Claudia’s life seems normal enough but things change when her father’s sister marries a younger man. Claudia’s mother and this new uncle seem drawn together and though Claudia describes their interactions with innocence, the reader can see what is happening behind the scenes. From there, Claudia’s mother (also named Claudia) falls into a deep depression, rarely rising from her bed and increasingly pushing Claudia away.

Tension grows when the family takes a holiday to a house high in the mountains. The house belongs to a family that Claudia (the elder) knew as a young girl. Years ago the mother of this family disappeared while driving up the mountain one night. Claudia (the younger) becomes obsessed with this family and increasingly convinced that this disappeared mother is haunting the house. Would a mother every intentionally leave her family? wonders young Claudia and it is clear that she is attempting to understand and reconcile her own mother’s depression.

The book has a very constrained feel, told as it is through the eyes of such a young child. Claudia is smart and observant but too young to fully understand the things she is witnessing. At the same time, the author never talks down to her characters. Claudia (the younger) is a child but she isn’t infantilized. There’s no sense of the author winking at the reader over Claudia’s head. We feel sadness for Claudia as we understand what is happening around her and watch her struggle to process her own experience. The fears of childhood and the uncertainty of adult behaviour are captured extremely well.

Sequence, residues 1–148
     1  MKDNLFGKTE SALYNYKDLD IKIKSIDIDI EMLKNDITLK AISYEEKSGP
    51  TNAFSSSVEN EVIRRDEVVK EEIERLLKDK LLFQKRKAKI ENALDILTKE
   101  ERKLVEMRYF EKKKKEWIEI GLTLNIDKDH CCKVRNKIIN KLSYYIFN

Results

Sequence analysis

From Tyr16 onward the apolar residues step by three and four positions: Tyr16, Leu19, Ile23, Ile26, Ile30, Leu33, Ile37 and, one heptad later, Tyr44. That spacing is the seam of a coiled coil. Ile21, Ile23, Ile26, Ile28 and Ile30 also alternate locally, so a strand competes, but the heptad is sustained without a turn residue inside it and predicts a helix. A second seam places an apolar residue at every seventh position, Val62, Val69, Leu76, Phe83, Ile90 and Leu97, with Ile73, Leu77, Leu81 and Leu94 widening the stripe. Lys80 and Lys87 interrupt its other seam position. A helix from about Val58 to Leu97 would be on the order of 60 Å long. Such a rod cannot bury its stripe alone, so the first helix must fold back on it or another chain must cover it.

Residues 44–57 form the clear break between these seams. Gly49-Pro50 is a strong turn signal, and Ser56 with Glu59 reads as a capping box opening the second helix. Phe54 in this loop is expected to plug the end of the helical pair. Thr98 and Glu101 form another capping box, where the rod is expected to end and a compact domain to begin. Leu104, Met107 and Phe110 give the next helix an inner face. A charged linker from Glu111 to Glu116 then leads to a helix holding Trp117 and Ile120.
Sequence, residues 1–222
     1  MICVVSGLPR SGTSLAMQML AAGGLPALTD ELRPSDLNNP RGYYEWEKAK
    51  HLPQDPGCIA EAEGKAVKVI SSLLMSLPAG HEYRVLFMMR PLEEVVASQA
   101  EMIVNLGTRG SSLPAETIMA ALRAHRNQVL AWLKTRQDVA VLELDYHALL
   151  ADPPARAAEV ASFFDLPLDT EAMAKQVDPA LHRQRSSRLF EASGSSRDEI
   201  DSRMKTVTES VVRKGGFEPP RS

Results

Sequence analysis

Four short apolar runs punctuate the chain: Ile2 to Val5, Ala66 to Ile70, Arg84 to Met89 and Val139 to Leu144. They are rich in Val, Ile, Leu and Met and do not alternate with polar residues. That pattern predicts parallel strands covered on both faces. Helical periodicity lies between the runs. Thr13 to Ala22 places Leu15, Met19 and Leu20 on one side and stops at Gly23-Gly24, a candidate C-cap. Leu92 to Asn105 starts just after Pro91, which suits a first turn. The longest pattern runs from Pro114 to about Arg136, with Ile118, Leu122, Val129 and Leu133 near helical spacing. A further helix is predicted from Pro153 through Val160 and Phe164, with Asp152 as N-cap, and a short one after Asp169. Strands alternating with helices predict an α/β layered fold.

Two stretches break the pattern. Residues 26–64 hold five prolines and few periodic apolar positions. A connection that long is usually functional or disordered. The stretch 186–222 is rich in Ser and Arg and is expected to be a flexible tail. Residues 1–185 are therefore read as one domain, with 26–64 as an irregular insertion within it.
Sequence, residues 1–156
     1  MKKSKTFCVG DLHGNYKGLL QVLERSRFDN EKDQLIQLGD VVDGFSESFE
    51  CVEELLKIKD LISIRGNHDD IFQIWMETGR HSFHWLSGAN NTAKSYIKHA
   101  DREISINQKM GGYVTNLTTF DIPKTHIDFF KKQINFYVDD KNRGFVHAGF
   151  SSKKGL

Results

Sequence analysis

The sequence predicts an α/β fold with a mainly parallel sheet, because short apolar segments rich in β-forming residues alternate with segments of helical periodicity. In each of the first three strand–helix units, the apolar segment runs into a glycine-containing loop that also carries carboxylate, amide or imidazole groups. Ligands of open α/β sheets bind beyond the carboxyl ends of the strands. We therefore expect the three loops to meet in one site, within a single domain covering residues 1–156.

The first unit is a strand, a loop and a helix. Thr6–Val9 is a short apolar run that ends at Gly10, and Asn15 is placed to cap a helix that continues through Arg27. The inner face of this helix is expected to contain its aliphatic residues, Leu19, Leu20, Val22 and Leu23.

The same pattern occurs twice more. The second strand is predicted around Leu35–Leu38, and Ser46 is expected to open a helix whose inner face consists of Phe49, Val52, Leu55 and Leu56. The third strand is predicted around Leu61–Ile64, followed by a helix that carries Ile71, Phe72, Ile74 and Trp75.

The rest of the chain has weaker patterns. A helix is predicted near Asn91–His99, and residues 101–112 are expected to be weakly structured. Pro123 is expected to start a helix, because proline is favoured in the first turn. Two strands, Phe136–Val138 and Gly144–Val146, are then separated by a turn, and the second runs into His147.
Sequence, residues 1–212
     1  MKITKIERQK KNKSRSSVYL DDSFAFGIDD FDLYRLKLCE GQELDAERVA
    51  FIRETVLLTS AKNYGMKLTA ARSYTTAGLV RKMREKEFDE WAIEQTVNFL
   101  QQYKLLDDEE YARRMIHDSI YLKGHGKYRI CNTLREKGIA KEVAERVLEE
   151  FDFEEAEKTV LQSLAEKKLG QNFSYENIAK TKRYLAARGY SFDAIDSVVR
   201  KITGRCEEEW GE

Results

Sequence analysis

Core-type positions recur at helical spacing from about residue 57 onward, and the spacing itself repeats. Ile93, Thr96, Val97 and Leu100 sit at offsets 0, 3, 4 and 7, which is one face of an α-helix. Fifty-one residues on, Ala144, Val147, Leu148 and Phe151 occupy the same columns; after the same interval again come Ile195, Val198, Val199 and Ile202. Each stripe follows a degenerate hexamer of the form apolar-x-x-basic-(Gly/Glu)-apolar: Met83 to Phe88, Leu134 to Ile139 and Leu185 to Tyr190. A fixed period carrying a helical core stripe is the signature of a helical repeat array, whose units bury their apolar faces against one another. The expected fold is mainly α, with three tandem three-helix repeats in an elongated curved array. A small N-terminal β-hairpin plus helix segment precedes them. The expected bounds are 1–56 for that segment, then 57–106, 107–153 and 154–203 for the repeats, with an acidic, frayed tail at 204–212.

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Amazing book from a young girls point of view into family, sexism, depression, death.

Amazing techniques to use same character name for the child and mother; Claudia. Usage of “abyss” both literal and metaphorical.

Fell in love with this books. One to keep with me forever.

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Pilar Quintana has gain a faithful reader through me via this book. A heart wrenching story of grief and how it moulds you through the eyes of a child really melt my heart. Absolutely loved it.

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A short novel set in 1980s Cali, in Colombia. 8-year old Claudia recounts the story of her mother who is clearly suffering from depression - although that's not something that is talked about. The mother, attractive and much younger than her husband is bored of being at home all day, has an affair and when she's found out things go downhill. The girl is afraid something bad will happen to her mother, just as the awful things she reads about in magazines about Grace Kelly and Karin Carpenter.

I found the voice of the girl believable. The writing is very fluid - you can read this in two evenings - and evocative of the eighties, of children's fears, and of Cali's lush green surroundings.